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Double Issue: 9.1-9.2: Fall 2010 / Spring 2011
Guest Edited by Rebecca Jordan-Young
Critical Conceptions: Technology, Justice, and the Global Reproductive Market

The Distance Traveled: Reading Leinaweaver and Castañeda on Politics, Privilege, and Race in Transnational Adoption

A Response by Karen Winkler

This article is a response to Claudia Castañeda's "Adopting Technologies: Producing Race in Trans-racial Adoption" and Jessaca Leinaweaver's "Adoption and the Politics of Modern Families" in this issue.

I sit on the porch of a rented bungalow in the Catskills, watching my nine-year-old daughter play with a Playmobil camper—little plastic white people, a big camping trailer, the kind I associate with middle America on summer vacation. The camper set was a gift from my sister's mother-in-law; my daughter has been playing with it, by herself, whenever she's not running around like a wild thing with the two other girls she's befriended here. As the plastic white people sit around their tiny picnic table, eating their miniature hot dogs, I remember how, when we looked at the website photos of this somewhat run-down, old-fashioned bungalow community, she asked me, "how come most of them are white people?"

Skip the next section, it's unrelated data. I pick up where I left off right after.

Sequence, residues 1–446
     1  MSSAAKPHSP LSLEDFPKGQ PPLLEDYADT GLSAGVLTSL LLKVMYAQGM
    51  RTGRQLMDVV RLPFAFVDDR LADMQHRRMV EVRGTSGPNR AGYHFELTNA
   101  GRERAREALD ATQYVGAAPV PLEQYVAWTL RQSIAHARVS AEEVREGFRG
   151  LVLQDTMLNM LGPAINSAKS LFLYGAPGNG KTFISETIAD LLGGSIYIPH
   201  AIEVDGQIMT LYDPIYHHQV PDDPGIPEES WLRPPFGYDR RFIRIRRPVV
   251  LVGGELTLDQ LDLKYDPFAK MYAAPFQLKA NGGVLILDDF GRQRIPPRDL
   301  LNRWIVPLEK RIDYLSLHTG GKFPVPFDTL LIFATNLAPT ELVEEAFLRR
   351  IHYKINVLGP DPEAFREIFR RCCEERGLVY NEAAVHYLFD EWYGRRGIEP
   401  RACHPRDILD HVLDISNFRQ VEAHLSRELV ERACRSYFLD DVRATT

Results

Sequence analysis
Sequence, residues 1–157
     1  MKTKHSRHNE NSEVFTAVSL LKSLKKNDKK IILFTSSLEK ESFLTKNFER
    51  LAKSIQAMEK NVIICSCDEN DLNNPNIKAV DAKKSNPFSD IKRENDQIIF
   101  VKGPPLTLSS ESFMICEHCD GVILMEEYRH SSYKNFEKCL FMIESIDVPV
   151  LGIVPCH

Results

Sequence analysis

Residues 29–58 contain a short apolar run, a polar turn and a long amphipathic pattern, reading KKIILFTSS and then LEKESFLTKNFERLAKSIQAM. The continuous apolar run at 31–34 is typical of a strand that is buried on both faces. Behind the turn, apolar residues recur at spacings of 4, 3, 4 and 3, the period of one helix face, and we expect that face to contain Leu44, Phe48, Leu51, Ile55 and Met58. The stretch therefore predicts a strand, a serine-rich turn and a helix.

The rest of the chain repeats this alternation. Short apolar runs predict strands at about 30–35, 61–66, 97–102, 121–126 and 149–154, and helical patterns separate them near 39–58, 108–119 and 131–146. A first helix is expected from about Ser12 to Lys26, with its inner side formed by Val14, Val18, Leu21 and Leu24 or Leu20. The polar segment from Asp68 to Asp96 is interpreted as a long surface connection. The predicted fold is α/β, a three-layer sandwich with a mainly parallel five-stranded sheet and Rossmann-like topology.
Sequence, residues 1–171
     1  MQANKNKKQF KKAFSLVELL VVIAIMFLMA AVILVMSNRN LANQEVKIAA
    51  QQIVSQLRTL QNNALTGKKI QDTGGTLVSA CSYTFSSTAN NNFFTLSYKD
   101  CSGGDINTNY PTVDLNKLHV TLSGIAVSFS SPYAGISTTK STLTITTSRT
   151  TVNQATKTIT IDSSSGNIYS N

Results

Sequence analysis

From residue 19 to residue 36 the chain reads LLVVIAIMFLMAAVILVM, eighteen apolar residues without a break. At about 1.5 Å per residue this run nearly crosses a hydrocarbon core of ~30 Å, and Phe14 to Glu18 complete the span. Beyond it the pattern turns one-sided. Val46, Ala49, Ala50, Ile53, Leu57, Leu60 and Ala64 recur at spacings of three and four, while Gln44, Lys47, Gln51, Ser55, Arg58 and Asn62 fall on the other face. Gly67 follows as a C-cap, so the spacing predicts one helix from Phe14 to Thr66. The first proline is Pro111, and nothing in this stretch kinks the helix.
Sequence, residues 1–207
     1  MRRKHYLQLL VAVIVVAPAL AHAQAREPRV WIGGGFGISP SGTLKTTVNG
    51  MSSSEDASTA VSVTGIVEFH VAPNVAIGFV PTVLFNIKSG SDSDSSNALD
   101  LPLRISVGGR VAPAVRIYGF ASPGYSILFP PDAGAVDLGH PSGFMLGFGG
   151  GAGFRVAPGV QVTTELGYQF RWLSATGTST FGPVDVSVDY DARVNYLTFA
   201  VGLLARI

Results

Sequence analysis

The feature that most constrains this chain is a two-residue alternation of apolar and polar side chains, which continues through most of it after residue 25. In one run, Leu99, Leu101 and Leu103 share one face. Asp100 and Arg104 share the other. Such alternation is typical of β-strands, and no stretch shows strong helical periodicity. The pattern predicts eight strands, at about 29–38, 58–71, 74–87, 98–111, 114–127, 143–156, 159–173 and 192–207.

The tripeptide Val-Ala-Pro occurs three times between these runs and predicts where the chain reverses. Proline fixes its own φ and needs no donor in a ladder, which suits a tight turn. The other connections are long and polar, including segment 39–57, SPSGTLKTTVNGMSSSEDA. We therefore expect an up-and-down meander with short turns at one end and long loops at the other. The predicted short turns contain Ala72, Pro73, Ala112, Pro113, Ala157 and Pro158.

I had asked the owners pretty much the same question. Satisfied that it was multi-cultural "enough" for us and our friends to feel "comfortable"—there were a couple of biracial families, various friends of color visiting, a "progressive" vibe—I asked her, "Do you think we should we go even though it doesn't looked very mixed?" She responded, "Yeah. I guess so. It looks pretty. They have a pool." So here we are, sitting on the porch in a summer community where she is currently the only child of color, and we are the only biracial family, and as I write I find myself wondering: if I were raising a white child, would she have noticed that it didn't look "right," and would I have taken so much care to be sure that she did?

Such questions come into focus reading the very generative papers in this issue by Jessaca Leinaweaver and Claudia Castañeda about the politics and technologies of race, love, and suffering in transnational and transracial families. When I was asked to comment on these papers, I was intrigued, but apprehensive. I am a white, single, American adoptive parent of a nine-year-old Guatemalan daughter. I am a feminist professor and a psychotherapist, and adoption is neither my academic nor clinical specialty—yet I think about it all the time. This seemed like an opportunity to grapple with critical issues at once personal and political (the intrigue), in a very public way (the apprehension). My own daughter is not at all sure she wants me writing about this subject; she alternately believes it is "none of anyone's beeswax," and understands the important, if confusing to her, reasons for sharing our stories.